The Royal Society of Victoria is the State’s oldest scientific society, a part of Australia’s intellectual life since 1854. Located in a heritage-listed building at 8 La Trobe Street, Melbourne, the Society provides a dynamic program of lectures, forums, programs and projects concerned with scientific literacy and evidence-based decision making. An overview of who we are and what we do is available at our About Us page.
- Following a call for submissions in the 2020 Review of the World Heritage Management Plan by Heritage Victoria, the Royal Society of Victoria provided input on 27 July 2020. Sadly, this submission has not featured in the subsequent report, nor has it been acknowledged via other channels when queried, so we are reproducing it here for general consideration. As with heritage programs the world over, there is a significant gap between the aspirations of a precinct-based conservation strategy and the means to enable it. We have submitted a proposed instrument to address the resourcing gap for consideration and further discussion with government colleagues. The Society has given long consideration to the establishment of a Victorian Government hypothecated trust for the precinct, which would build a fund to both conserve and activate the heritage-listed buildings and grounds in the whole precinct, including our own. We have recommended that such a trust be established, and here outline how this might be enabled.
- In 2015 the United Nations General Assembly declared 11th February as a day to celebrate, recognise and encourage women and girls in STEM fields around the world! This initiative hopes that increased visibility will strengthen interest and support for the next generation of girls who want develop their passions for science. The Royal Society of Victoria and the Commissioner for Environmental Sustainability Victoria organised a free streaming event designed to engage and inspire young girls interested in science, featuring Dr Muneera Bano, Associate Professor Misty Jenkins and Dr Amy Coetsee as they tell their stories into STEM. Joined by Dr Gillian Sparkes, Commissioner for Environmental Sustainability, Dr Amanda Caples, Victoria’s Lead Scientist, and Dr Andrea Hinwood, Victoria’s Chief Environmental Scientist. Read about this brilliant event and the insights that these esteemed women in STEM were able to give to the next generation.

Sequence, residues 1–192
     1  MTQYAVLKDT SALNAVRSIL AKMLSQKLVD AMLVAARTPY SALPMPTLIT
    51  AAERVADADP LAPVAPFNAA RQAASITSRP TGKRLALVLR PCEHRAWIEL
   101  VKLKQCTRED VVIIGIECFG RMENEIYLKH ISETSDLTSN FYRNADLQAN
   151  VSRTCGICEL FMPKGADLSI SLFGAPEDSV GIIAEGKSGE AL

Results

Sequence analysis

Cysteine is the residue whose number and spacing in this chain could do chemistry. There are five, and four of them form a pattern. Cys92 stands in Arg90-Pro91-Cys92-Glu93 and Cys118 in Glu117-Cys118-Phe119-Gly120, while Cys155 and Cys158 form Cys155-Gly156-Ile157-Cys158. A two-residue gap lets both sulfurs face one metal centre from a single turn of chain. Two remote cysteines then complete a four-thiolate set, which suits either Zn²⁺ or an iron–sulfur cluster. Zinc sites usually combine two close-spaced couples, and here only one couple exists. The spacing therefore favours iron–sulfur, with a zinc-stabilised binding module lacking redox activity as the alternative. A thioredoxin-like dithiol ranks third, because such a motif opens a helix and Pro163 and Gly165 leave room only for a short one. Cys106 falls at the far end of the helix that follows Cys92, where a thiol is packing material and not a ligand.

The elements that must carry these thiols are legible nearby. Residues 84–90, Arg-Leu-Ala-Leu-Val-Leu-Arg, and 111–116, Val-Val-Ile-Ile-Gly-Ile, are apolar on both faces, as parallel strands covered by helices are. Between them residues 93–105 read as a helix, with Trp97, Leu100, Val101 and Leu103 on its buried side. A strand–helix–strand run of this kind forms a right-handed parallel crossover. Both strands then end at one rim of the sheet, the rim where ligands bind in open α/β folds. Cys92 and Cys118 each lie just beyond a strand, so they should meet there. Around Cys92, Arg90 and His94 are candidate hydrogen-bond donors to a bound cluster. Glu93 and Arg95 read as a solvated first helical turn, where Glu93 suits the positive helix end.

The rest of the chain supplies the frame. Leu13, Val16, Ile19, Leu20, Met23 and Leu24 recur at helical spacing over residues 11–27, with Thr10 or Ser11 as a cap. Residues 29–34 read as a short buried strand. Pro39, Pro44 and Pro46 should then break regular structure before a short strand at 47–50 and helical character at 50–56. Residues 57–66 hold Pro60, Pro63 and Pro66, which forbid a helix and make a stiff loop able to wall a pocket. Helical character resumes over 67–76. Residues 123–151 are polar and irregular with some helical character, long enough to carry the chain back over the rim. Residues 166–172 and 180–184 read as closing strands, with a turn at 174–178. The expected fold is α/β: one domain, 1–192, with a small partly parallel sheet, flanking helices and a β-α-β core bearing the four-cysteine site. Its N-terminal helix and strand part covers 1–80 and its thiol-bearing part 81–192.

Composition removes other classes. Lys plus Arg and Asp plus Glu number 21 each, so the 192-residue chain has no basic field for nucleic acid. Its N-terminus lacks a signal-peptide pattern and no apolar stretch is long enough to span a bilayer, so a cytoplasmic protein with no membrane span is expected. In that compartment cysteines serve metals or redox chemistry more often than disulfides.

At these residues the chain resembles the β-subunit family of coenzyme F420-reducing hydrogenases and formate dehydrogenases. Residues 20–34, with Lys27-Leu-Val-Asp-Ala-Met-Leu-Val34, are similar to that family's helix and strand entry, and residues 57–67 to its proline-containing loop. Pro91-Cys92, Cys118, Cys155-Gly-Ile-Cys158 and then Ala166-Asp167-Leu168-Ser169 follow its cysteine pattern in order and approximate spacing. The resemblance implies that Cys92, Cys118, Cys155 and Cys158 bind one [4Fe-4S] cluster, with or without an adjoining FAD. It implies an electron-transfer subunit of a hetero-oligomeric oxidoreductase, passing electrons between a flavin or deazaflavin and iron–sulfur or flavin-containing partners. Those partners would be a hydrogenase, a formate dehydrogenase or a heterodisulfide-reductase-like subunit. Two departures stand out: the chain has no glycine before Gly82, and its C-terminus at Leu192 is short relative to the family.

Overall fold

- Wednesday, 3 February, 2021
- We are delighted to see a mix of the new and familiar from our late 2020 call for nominations for members of our governing Council. As none of the available positions were contested, our Returning Officer (Dr William Birch AM MRSV) has declared the these RSV members elected to these roles for a two year period, commencing from the next Annual General Meeting (set for May 2021). Our thanks to these members for their willingness to lead the Society and shape its future; we wish everyone every success during their tenure. Current Officers and Councillors of the Society will continue in their roles until they variously expire at the Annual General Meetings set for 2021 and 2022, including our incumbent President David Zerman, who will continue on the leadership team as our Immediate Past President following the May AGM.
- Tuesday, 2 February, 2021
- Industry 4.0 is the next industrial revolution, utilising digitalisation to create a smarter, self-correcting manufacturing processes. Bringing this new industrial age together with science is Professor Bronwyn Fox, winner of the 2020 Medal for Excellence in Scientific Research. Her journey with carbon fibre production saw the develop a more efficient fabrications process for composite materials, and also had her involved with Quickstep and their new composite material process. At the time a small start-up, Quickstep is now the largest Australian independent manufacturer of composite materials, and Bronwyn took this entrepreneurial mindset and founded Deakin University’s Carbon Nexus facility. Professor Bronwyn Fox continued her research into renewable carbon fibre and established yet another facility - the National Industry 4.0 Testlab – which focuses on 3D printing of composite materials.
- Tuesday, 2 February, 2021
- What does DNA, snowflakes and the hydrophobic effect have in common? They are all example of molecular self-assembly! Inspired by this process of nature, Dr Nisa Salim used attractive and repulsive forces to influence molecules to interact, and in doing so created an array of nanostructures capable of becoming solar cells, drug delivery systems, and in her newest venture - manipulating carbon fibre to be stronger than steel, lighter than aluminium and even electrically conductive! For her work in carbon manufacturing, Dr Nisa Salim was awarded the 2020 Phillip Law Postdoctoral Award for the Physical Sciences and explains how a nature-inspired approach to manufacturing can be the key to many issues facing our time – from climate control, water management and even high speed travel.
- Stewardship describes a deep relationship between people and place. In modern Australia, it is often proposed as the next step of transition for a culture that is emerging from a colonial, extractive relationship to the landscape. The transition to stewardship may require we reorganise around the unique characteristics of the country, undertake significant regeneration of damaged ecosystems and deprioritise constant economic growth in favour of an enduring sufficiency gathered from a prosperous and biologically diverse environment. Join members of all the Royal Societies in Australia for this unique series of three webinars, seeking a new model for the management of the Australian landscape so that our natural systems are conserved and regenerated for the benefit of future generations.